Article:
Two notions have helped me begin to enter a better relationship with the precepts. The first is living with vow and repentance. Uchiyama talks about this beautifully in the last chapter of "Opening the Hand of Thought." Inherent in this is the idea that we live by vow and practice repentance on a daily basis to restore balance and humility to our practice. I think they are inseparable - they also acknowledge that our practice is a constant ebb and flow.

    The second is the idea that the precepts have a positive as well as proscriptive, or limiting side. In the example of not using faulty speech - one aspect is not to gossip or use negative words; there is also a positive aspect that my own self limiting perspective had closed my mind to for years (I think we took the precepts in the same "class") - how can speech be used to heal, or promote understanding, or express happiness and gratitude? How can speech be used to console, or clarify misunderstanding? I also excel at misusing speech when it is directed toward myself. When I drop something or bang my toe for example I will call myself all sorts of names and become quite upset. I have to remind myself of the positive aspect of the use of speech and try laughing at myself for being in such a hurry, and counseling myself to slow down and take care. I'd like to start laughing at myself at lot more.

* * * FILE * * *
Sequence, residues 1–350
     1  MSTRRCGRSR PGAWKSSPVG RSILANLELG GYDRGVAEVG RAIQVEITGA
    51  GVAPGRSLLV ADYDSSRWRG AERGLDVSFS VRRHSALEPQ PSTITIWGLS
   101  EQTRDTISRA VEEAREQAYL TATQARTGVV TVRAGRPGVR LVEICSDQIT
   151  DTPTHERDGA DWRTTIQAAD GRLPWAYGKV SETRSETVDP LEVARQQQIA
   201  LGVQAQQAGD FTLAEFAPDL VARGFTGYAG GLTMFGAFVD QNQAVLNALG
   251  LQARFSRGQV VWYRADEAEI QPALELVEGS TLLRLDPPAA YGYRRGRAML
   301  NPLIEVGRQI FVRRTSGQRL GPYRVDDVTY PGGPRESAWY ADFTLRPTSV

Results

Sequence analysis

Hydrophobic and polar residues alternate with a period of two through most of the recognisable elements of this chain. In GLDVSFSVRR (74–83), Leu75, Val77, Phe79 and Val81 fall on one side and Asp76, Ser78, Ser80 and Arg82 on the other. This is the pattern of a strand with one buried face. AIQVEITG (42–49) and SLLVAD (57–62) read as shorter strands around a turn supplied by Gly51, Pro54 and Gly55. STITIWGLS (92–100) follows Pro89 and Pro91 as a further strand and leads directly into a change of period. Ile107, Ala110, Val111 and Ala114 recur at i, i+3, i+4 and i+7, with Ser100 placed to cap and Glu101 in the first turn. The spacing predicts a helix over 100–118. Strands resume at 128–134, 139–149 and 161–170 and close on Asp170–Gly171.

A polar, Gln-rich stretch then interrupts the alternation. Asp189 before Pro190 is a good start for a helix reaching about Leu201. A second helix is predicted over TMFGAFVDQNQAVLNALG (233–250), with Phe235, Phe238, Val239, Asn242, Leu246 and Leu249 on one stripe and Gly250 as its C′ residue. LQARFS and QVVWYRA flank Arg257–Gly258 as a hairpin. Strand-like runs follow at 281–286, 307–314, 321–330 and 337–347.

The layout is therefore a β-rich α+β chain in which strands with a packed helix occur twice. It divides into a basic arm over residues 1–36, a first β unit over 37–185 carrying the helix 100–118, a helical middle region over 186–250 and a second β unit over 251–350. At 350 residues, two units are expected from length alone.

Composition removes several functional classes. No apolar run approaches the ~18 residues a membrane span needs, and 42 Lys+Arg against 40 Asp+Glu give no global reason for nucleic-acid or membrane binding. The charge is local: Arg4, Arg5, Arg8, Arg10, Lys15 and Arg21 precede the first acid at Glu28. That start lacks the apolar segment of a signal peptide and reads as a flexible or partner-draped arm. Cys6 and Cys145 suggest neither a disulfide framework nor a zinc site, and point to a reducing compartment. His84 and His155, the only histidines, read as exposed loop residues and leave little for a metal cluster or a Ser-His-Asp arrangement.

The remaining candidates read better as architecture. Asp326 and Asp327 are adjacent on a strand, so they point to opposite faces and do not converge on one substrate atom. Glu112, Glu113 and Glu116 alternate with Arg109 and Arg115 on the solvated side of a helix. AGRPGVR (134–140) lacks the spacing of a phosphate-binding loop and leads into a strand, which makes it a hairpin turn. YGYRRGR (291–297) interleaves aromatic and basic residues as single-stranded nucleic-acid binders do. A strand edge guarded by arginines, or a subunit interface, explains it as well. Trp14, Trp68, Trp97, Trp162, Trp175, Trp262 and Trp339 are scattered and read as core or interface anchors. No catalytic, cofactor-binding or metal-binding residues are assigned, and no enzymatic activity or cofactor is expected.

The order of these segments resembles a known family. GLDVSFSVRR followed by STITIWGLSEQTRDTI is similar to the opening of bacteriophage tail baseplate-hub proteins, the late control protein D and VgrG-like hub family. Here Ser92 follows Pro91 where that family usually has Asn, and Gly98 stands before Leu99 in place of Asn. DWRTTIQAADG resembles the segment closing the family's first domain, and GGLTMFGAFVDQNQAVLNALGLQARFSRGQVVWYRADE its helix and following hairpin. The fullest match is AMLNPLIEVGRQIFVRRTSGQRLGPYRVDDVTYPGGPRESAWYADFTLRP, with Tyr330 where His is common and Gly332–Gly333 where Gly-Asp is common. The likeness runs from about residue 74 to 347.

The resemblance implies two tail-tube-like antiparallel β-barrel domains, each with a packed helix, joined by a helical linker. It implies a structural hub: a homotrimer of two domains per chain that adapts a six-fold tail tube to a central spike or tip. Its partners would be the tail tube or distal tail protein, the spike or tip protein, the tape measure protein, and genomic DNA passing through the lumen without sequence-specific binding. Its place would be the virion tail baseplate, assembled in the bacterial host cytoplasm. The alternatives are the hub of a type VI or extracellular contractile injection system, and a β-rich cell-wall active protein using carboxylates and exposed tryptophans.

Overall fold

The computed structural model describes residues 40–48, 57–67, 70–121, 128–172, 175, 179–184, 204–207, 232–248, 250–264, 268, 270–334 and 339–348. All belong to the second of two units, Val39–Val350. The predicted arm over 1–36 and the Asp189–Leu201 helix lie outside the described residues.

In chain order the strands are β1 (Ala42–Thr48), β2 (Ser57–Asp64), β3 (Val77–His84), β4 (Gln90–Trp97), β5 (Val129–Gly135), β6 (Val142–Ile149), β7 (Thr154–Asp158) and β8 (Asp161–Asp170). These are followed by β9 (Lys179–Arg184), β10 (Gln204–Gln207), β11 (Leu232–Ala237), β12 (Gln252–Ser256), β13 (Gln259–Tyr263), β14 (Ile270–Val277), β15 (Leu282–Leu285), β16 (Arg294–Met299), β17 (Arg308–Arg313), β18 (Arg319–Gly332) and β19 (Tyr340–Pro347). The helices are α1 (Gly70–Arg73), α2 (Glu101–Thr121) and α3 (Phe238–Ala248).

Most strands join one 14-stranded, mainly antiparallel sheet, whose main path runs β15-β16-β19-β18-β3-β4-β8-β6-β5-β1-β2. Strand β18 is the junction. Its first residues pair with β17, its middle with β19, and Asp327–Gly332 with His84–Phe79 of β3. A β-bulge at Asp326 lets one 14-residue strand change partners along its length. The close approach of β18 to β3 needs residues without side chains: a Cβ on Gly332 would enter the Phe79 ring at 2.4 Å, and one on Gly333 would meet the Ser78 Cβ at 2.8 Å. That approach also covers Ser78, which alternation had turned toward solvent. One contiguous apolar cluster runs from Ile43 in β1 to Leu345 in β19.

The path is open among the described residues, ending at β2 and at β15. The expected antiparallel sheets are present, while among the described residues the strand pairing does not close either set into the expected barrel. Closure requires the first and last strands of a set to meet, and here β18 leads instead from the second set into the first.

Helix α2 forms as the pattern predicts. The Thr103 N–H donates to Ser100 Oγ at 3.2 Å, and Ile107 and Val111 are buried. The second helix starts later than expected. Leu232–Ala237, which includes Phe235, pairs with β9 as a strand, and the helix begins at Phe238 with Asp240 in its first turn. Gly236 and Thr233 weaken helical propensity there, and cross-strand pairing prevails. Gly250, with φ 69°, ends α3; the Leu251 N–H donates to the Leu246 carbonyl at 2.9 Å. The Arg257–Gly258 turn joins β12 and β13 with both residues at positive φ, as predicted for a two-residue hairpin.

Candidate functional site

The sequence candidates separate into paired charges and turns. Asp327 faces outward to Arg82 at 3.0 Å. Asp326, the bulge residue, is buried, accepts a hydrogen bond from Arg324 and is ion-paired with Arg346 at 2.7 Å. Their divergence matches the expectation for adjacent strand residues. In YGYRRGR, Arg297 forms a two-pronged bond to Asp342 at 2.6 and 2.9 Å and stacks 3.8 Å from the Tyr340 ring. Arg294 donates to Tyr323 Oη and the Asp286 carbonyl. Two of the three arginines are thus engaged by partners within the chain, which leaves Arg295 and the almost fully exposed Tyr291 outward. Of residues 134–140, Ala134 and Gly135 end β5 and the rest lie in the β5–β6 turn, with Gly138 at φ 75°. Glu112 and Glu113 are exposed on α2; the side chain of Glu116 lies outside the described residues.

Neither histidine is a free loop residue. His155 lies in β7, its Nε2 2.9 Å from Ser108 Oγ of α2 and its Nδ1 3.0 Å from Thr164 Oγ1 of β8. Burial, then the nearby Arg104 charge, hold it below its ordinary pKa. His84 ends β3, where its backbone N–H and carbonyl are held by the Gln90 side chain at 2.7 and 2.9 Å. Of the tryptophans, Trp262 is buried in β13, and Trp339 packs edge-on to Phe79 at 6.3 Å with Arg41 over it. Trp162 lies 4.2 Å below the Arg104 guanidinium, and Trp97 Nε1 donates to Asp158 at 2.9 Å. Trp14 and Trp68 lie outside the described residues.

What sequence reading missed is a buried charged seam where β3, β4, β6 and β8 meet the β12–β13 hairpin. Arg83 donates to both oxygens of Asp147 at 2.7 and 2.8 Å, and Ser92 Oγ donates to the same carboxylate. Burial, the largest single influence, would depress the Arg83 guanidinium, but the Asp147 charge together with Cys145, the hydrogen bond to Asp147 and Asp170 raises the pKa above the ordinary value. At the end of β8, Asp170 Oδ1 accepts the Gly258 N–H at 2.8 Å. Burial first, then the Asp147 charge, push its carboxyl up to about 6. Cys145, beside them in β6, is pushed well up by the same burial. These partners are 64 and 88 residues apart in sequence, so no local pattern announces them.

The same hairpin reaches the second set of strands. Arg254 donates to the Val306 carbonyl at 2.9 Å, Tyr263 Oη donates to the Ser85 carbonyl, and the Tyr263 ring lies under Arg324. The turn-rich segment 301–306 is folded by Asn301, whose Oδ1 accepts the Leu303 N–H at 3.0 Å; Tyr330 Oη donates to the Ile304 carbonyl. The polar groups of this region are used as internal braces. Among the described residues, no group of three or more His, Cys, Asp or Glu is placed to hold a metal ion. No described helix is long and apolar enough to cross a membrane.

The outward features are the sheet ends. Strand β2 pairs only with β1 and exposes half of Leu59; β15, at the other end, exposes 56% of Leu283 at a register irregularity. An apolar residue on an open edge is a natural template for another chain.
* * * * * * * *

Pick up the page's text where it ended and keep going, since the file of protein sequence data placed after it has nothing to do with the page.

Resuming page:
The notion of a positive aspect to each precept has helped me let go of the negativity, self - imposed, and self -defeating limitations I had created for myself in interpreting the precepts.

    The precept against stealing can be interpreted to mean "don't waste someone else's time, or don't waste your own time" - the positive aspect to this can be "how do I live my life in the present and use each moment fully? How do I give the person I am with my full attention rather than "stealing" or taking for granted their commitment of time and attention? By viewing the precepts from their positive aspects I am able to reflect in how I might use them to live more happily, as compared to the world of guilt and self-shaming I had created for myself. I have built the walls and bars of my own prison. It's time to start tearing it down. Problem is I was in for a life sentence!